We asked an actual dentist.
Ah, activated charcoal – the new ‘it girl’ in the world of beauty hacks (move over, coconut oil). Known for its ability to absorb impurities, activated charcoal is often used in water filtration systems and to treat drug overdoses and food poisoning. INTENSE. When integrated into toothpaste, the same purifying concept should apply, removing the stubborn stains keeping you from achieving the sparkling smile of your dreams. But is charcoal bad for your teeth?
I began my quest for answers the way I always do when facing tough life questions – ask my dad. 33 years as a dentist make him a uniquely qualified source, so I lured him out of retirement for one last lesson in oral hygiene.
The most important thing, he says, is that you’re brushing (and flossing!) regularly. Deciding which toothpaste is right for you is a personal choice. Just like we all have different skin types, and therefore different skincare needs, our teeth and gums have varying needs as well. Kiddos, whose tooth enamel is still soft and vulnerable, and those with certain dental sensitivities might find charcoal toothpaste too abrasive. But overall, dear old Dad says it’s “safe and effective.” And the FDA agrees.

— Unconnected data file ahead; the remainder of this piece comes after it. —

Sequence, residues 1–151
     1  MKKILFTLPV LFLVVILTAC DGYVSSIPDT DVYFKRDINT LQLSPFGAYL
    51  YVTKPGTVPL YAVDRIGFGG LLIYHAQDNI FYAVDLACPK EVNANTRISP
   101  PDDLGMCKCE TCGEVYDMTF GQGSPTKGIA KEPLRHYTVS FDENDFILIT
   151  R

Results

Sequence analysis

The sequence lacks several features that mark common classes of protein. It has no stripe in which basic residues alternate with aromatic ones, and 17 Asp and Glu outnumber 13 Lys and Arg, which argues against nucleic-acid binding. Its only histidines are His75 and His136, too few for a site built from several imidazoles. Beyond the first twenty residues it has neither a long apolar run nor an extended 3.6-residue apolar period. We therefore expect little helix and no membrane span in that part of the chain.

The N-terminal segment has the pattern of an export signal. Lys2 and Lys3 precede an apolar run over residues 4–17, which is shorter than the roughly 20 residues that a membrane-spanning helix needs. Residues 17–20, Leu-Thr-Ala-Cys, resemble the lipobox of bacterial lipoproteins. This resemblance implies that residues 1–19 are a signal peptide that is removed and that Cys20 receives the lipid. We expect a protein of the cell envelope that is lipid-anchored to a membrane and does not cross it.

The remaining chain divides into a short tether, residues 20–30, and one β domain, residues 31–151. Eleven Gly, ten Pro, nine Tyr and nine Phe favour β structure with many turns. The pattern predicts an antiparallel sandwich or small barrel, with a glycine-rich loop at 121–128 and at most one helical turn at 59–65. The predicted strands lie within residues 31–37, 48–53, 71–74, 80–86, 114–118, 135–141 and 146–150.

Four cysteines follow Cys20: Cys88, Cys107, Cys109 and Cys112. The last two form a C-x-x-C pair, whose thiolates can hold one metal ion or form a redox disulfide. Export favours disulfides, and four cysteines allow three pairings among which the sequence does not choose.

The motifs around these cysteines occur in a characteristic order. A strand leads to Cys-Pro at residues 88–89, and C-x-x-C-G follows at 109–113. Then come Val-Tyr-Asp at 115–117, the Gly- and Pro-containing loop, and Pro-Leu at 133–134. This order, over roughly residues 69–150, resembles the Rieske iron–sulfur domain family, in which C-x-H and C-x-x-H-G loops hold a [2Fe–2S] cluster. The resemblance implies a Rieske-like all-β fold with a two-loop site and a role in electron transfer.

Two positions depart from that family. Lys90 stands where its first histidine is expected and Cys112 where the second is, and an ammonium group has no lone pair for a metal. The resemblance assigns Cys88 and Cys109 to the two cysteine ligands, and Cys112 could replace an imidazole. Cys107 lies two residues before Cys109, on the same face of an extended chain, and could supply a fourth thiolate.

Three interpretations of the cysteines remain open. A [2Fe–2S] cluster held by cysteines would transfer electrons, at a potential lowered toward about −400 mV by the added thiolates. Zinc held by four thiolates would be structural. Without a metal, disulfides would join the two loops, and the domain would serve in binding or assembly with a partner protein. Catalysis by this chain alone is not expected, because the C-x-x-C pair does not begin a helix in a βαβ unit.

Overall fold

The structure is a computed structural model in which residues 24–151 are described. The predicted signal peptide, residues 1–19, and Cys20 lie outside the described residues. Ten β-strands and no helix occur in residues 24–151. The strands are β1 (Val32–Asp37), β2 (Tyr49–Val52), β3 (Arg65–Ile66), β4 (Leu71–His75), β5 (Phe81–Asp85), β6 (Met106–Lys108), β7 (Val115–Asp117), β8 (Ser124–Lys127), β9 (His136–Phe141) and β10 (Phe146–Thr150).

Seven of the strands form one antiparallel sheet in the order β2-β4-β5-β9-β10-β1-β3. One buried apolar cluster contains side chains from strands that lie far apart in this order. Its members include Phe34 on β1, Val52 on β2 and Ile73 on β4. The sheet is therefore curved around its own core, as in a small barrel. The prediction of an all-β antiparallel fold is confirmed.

As for its whitening effect? It’s difficult to actually whiten teeth with any toothpaste, but charcoal toothpaste can help to remove surface stains. Anything deeper, however, is going to require some professional assistance. So, if you’ve got stubborn, set-in coffee stains or naturally yellow teeth, your best bet is to book an in-office whitening session. But if you’re looking for an at-home fix, go ahead and give charcoal toothpaste a try – or, check out some other creative ways to whiten your smile.
Just remember when tooth comes to gums, the most important thing is daily brushing with a gentle toothbrush and routine visits to your dental health professional.